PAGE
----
When there are differences of opinion, the richest forms of communication still allow those with contrasting views to walk away, without penalties. 

The word “persuasion” and its variants (persuasive, persuadable, etc) is the preferred term to identify moments when one individual or group attempts to alter the beliefs or behaviors of another.  But the term is frequently misused, especially if one “persuader” has used extra-verbal inducements to get what he or she wants. It’s interesting that when Aristotle wrote his own book about persuasion 2500 years ago, he noted that the use of knives and torture counted as “inartistic” forms of influence.  He didn’t miss much.  He would no doubt marvel at the additional bludgeons we moderns use to threaten physical or psychological harm.  There’s the denial of financial rewards, extortion, the possibility of a bad job review;  the ways we can cow each other are nearly endless.

Properly used, “Persuasion” occurs when an individual freely assents to what another asks. No coercion. No risk of retribution.  No organizational advantage has figured in the outcome.  Everything else that may look like persuasion is really what should be called  “compliance-gaining,” as when a boss “asks” an employee to work late.

This is not just an academic distinction with little real-world application.  The difference actually matters. To fully understand persuasion we need to know who or what is actually doing the heavy lifting. The use of threats, power or position are all coercive, a fact that takes away a receiver’s opportunity to truly exercise their own judgment. 

As a researcher and teacher on this subject, I’m not especially interested in the idea of compliance. In communication terms  there’s not that much going on. It’s the unequal distribution of power that does most of the work, like shooting animals within a fenced game reserve.  It’s easily done, but not very sporting.

What is interesting is how we manage to perpetuate the delusion of free choice. My impression is that managers often see themselves as having a knack for engaging with employees, as with the smarmy Bill Lumbergh in the iconic film, Office Space (1999).  The soul-destroying demands made by Gary Cole’s character are covered in a sticky syrup of forced collegiality. Lumbergh may believe he has the pulse of the office, but the film knows better.  As this clip from U-tube shows, he doesn’t have a clue.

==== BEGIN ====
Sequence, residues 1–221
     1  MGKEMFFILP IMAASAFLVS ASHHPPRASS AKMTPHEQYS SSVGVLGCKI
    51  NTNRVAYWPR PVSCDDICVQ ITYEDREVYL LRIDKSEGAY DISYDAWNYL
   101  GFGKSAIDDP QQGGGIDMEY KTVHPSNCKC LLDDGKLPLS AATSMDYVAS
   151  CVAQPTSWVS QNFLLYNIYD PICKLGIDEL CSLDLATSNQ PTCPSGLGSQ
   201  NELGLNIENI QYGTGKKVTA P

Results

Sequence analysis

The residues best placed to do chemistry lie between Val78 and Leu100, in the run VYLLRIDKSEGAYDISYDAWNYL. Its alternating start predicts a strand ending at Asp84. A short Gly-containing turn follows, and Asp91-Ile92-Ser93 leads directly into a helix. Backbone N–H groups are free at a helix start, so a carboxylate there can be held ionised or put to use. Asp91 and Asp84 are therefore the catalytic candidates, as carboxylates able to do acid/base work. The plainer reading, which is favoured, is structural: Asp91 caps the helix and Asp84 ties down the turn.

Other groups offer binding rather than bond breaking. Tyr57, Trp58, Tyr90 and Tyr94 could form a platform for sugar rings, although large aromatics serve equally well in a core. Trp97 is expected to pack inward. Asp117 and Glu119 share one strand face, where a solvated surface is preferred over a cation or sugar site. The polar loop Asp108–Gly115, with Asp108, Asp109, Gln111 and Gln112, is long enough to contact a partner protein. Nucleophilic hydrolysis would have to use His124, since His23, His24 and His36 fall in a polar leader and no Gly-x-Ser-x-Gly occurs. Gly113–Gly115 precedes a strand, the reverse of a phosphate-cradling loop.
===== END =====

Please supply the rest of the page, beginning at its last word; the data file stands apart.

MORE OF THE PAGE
There is real pleasure in participating in communication where every side retains the right to walk away with no penalties. That fulfills our faith in a democratic values, especially another person’s right to their opinion. That’s why democracies are called “open societies.”

The problem is the indiscriminate mixing of persuasion and compliance-gaining as more or less the same thing . For example, journalist Steven Greenhouse misses the point when he notes in a recent Atlantic article that Wal-Mart “persuades” its employees to be anti-union. What his otherwise useful reporting actually describes is pure coercion. Try and unionize and you are simply out of a job, or your unit is shut down. Similarly, courses and texts in “leadership” often trade heavily in the language of equal-to-equal communication, ignoring explicit organizational hierarchies.  All of this is represented in phrases like “team-building” and “group problem-solving:” the kinds of things we are likely to hear from faux-egalitarians like Lumbergh.

No one wants to be the apparent autocrat issuing orders. Most of us would like to be seen as good listeners open to the ideas of others.  But openness needs to be earned by accepting the right of an audience member to say no, without penalties.

Comments: Woodward@tcnj.edu